Missouri Secretary of State Jason Kander and U.S. Sen. Roy Blunt are the front runners for the Democratic and Republican nominations in the next Senate race.
official photos

Fifteen months before the 2016 election, Missouri’s major candidates for the U.S. Senate – Republican incumbent Roy Blunt and Democrat Jason Kander – are ensnared in two familiar issues:

  • The use of private planes;
  • Accusations that each is too tied to special interests.

A key difference is that, for the most part, the attacks aren’t coming from the candidates or their campaigns. Rather, they’re being launched by party surrogates on their behalf.

(via Flickr/Tracy O)

U.S. Sen. Roy Blunt, R-Mo., continues to hold a comfortable finance lead over his chief Democratic rival in 2016, Missouri Secretary of State Jason Kander.

But there are signs that Kander’s campaign is attracting Republican concern.

Both candidates provided St. Louis Public Radio with early copies of the official summary sheets for their reports, due Wednesday.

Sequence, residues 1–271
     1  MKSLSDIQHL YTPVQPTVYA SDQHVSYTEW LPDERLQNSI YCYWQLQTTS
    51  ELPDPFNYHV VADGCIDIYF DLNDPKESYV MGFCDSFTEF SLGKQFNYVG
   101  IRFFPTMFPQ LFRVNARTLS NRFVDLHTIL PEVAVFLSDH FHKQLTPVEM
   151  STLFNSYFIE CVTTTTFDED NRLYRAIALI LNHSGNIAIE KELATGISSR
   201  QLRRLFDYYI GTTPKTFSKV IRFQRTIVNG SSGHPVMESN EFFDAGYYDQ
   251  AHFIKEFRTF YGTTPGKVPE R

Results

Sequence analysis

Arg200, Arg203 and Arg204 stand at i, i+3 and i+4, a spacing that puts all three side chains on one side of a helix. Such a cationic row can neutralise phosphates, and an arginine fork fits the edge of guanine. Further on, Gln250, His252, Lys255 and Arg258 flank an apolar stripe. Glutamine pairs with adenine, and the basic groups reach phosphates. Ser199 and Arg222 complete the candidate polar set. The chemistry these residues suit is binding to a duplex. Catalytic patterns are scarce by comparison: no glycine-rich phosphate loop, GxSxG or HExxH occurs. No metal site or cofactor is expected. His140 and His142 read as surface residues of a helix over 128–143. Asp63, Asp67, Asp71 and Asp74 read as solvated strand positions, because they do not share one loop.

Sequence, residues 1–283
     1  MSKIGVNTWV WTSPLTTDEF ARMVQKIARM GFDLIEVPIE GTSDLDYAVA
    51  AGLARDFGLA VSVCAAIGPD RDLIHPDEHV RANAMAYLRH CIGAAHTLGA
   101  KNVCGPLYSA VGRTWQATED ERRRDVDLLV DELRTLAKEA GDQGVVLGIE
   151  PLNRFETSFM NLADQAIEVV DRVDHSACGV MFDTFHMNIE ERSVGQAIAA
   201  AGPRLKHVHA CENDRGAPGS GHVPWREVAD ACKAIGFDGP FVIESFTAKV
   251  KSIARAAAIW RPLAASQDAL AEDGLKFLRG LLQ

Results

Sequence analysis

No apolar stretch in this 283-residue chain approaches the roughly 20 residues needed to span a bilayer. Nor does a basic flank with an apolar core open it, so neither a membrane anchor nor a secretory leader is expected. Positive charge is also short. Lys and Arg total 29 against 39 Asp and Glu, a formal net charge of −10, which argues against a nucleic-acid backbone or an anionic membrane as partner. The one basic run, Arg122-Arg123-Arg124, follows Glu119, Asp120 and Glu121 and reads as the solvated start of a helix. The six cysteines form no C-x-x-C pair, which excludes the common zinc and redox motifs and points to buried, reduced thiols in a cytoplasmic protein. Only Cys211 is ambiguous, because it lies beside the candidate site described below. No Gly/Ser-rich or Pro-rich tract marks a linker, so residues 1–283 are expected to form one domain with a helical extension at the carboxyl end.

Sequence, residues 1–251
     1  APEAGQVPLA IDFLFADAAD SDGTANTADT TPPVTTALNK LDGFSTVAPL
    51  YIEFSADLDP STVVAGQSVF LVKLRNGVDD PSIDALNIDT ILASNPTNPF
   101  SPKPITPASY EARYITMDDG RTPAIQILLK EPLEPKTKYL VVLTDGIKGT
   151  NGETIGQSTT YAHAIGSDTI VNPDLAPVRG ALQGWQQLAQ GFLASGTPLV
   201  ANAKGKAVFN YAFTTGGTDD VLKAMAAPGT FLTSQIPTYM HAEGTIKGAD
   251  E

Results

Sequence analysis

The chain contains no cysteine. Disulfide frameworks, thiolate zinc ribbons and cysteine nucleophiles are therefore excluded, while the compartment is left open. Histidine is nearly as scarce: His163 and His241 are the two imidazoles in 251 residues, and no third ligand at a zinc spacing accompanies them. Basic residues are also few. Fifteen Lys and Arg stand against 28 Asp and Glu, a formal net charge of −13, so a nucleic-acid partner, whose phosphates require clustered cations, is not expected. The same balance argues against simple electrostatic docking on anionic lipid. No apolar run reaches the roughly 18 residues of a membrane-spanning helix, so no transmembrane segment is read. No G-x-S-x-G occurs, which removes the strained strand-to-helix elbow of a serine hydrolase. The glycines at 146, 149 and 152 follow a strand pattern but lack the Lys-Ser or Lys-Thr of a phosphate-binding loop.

Jason Kander
Missouri secretary of state website

Missouri Secretary of State Jason Kander, a Democrat running for the U.S. Senate, has adopted one of the GOP’s favorite words – “overreach” – as he attacks President Barack Obama’s habit of using executive orders and rule changes to implement his policies.

Kander’s  prime pitch Thursday to the St. Louis Regional Chamber was that the White House was too dependent, in his view, on using executive orders and rule changes to circumvent the Republicans who control Congress.

Attorney General Chris Koster parts ways with the Missouri Democratic Party on the issue of campaign donation limits. His position on the issue may make already difficult road to capping donations impossible if he becomes governor.
Jason Rosenbaum | St. Louis Public Radio

Sen. Rob Schaaf probably wouldn’t be classified as bleeding heart liberal.

Throughout his tenure in the Missouri General Assembly, the St. Joseph Republican took sometimes-provocative conservative positions in battles over Medicaid expansion and unemployment benefits. He's encountered rightward plaudits and gubernatorial jeers for his latest stance against a St. Louis stadium funding plan.